Peace and security funding for all

Cath Thompson

Above: a truth telling bonfire in Sierra Leone, where conflict victims and offenders come together as part of a forgiveness ceremony – an image from the work of Fambul Tok, supported by Catalyst for Peace
(c) Sara Terry for Catalyst for Peace.

In a world where nearly everything from the arts to vaccinations to conservation is being politicised, funders of all sorts can learn lessons from the peace and security field

Since every philanthropic endeavour depends ultimately on peaceful and stable societies, peace and security philanthropy underpins every funder’s aim. The peace and security field includes everything from nuclear disarmament and curbing weapons trafficking to protecting civilians in conflicts and promoting inclusive peace through race and gender equity. It is also expanding as new threats arise – climate change as a driver of conflict, emerging technologies like Artificial Intelligence, and widening societal divisions – and requires funders to balance immediate crises, such as Syria and Yemen, and long-term challenges like nuclear weapons and cyberwarfare.

The question of measuring the impact of supporting work that addresses conflict and injustice is a particularly difficult one. Over the years, funders have learned how to better track and share this.

Managing complexity
In a complex field, there are sensitivities that funders must keep in mind. For example, funders who help facilitate or broker conversations between conflicting groups risk being perceived as influencing the process, potentially undermining its legitimacy. Indeed, foundations themselves have recently been accused of being malicious ‘foreign agents’ in increasingly authoritarian countries. Peace and security funders understand that they must be willing to get out of the spotlight. Sometimes it helps to have the clout of a foundation’s name behind your work; other times it does more harm than good.

First, peace and security funders must play a long game because it often takes time to see the value of their investments.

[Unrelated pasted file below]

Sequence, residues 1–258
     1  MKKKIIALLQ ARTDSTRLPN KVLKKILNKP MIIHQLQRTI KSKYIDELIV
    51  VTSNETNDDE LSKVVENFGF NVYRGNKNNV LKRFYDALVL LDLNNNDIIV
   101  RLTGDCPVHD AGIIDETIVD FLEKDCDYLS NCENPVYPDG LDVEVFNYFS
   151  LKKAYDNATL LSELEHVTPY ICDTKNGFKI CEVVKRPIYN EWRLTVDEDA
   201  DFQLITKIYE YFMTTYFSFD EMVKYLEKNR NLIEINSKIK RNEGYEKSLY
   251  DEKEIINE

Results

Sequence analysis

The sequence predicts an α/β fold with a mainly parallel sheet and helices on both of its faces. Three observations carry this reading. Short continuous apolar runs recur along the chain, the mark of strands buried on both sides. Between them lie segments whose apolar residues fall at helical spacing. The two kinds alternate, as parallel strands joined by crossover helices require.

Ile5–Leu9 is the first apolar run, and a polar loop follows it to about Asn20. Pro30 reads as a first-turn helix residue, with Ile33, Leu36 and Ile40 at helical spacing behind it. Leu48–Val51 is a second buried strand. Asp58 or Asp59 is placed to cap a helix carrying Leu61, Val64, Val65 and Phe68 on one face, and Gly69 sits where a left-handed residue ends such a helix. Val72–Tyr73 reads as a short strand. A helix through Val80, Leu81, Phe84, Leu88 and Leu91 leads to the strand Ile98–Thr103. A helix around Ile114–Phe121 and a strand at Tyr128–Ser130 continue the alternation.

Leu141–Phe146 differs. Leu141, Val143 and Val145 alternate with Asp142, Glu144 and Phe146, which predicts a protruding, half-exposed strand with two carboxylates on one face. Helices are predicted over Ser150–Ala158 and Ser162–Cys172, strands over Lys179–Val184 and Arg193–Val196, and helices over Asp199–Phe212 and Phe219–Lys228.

In addition, the broader philanthropic sector can learn from the ways that peace and security funders manage complexity by supporting grantees beyond money. The Peace and Security Funders Group (PSFG) partnered with UK-based foundation and PSFG member Peace Direct to explain best practices for funding locally. Aside from the due diligence required to transfer funds to conflict-prone countries, funders must take extra care to support the safety and capacity of their grantees. Some helpful strategies include providing core support to bolster grantees’ financial management and cybersecurity, flexible reporting, and funding through donor collaboratives or intermediaries.

Measuring impact
The question of measuring the impact of supporting work that addresses conflict and injustice is a particularly difficult one. Over the years, funders have learned how to better track and share this.

Screenshot from the Kivu Security Tracker, DRC kivusecurity.org

 

First, peace and security funders must play a long game because it often takes time to see the value of their investments. For example, Catalyst for Peace has invested in just one country – Sierra Leone – for over a decade, leading to robust locally-led peace-building work. Their long-term investment was so successful in establishing a network of trusted peace-builders and community leaders that they were able to help mobilise public health education when Ebola threatened the region. In a sector that loves seeing impact in every grant cycle, it is hard to stay the course like this, but there are various other ways for funders to know they are on the right track.